Self-reporting, investigation and evidentiary standards

Gerlach, Heiko (2013) Self-reporting, investigation and evidentiary standards. Journal of Law and Economics, 56 4: 1061-1090. doi:10.1086/674098

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Author Gerlach, Heiko
Title Self-reporting, investigation and evidentiary standards
Journal name Journal of Law and Economics   Check publisher's open access policy
ISSN 0022-2186
Publication date 2013-11-01
Sub-type Article (original research)
DOI 10.1086/674098
Open Access Status File (Publisher version)
Volume 56
Issue 4
Start page 1061
End page 1090
Total pages 30
Place of publication Chicago, United States
Publisher University of Chicago Press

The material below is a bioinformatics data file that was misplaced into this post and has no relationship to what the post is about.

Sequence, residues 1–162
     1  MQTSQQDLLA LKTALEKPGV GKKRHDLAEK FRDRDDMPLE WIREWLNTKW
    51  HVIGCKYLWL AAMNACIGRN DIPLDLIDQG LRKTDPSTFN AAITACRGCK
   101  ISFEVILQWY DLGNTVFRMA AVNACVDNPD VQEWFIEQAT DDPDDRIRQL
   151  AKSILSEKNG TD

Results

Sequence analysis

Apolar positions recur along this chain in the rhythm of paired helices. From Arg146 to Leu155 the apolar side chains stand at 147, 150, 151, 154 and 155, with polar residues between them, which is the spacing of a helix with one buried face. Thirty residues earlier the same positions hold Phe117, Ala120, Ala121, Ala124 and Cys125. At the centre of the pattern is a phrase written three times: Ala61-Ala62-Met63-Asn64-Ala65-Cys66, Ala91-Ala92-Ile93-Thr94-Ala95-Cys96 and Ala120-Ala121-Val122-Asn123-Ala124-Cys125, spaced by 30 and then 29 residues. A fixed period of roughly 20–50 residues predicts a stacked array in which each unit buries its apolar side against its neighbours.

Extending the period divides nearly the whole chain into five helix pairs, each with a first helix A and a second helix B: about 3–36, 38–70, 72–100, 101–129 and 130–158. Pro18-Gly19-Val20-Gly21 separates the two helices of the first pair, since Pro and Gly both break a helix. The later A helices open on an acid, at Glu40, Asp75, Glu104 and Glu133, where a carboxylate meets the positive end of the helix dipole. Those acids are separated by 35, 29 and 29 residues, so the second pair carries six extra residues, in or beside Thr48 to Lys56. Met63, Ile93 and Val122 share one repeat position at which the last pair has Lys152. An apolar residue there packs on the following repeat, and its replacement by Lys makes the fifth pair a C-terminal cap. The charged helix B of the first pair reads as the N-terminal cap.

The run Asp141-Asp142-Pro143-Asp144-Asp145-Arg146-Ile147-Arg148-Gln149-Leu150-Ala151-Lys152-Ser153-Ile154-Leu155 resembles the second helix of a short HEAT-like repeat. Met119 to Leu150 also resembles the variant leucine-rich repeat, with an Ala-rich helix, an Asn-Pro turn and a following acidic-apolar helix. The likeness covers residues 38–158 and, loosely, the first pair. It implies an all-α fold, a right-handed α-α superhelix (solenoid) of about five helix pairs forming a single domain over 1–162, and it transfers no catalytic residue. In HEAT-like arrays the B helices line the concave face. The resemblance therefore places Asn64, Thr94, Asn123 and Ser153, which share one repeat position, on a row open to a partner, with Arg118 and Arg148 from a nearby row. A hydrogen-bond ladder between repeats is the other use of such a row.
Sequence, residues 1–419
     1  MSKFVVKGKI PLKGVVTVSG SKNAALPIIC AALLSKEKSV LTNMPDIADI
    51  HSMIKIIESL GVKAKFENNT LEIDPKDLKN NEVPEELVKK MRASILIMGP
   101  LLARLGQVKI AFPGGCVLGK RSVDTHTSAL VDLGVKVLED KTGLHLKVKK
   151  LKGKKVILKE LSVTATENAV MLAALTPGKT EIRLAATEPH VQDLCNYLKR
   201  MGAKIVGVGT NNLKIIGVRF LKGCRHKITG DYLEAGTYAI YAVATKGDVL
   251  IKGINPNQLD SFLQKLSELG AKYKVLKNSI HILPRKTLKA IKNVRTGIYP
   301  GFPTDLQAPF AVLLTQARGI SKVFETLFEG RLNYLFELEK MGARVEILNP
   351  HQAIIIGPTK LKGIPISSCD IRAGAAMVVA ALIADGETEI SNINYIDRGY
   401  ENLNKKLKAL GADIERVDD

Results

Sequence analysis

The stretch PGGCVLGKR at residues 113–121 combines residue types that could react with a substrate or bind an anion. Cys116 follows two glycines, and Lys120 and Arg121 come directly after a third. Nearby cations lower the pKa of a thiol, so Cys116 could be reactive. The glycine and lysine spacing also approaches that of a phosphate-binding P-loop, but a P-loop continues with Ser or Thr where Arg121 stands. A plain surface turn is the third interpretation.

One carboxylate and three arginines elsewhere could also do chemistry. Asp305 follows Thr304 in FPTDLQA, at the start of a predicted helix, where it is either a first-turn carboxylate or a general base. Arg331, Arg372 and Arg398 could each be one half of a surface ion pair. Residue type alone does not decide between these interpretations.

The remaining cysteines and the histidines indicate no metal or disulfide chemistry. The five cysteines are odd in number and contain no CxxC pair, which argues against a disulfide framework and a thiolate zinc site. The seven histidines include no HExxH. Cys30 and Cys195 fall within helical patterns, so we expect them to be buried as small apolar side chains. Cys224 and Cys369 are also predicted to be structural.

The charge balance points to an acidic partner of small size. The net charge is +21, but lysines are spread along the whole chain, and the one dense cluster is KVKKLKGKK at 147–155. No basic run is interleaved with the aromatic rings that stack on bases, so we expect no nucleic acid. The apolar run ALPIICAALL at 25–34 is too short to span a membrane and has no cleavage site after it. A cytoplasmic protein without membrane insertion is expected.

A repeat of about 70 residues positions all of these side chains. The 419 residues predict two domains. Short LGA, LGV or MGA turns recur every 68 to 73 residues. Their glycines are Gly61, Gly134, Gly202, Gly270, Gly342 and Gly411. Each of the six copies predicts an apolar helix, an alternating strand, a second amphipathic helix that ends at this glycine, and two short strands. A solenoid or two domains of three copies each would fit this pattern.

Language eng
Abstract Self-reporting schemes have become a substantial part of law enforcement. This paper analyzes the optimal use of such schemes when the authority cannot commit to an ex post investigation effort. I show that this leads to a negative relationship between self-reporting incentives and investigation effort. Three main conclusions arise. First, violators self-report with a probability of 1 if and only if full amnesty is offered. Second, self-reporting schemes are not efficient when the level of harm of the act is high. Finally, authorities can increase the incentives to self-report when they convict without hard evidence. However, a hard-evidence standard provides more deterrence and is weakly welfare superior.
Q-Index Code C1
Q-Index Status Confirmed Code
Institutional Status UQ

Document type: Journal Article
Sub-type: Article (original research)
Collections: Official 2014 Collection
School of Economics Publications
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Created: Thu, 09 Jan 2014, 04:11:49 EST by Alys Hohnen on behalf of School of Economics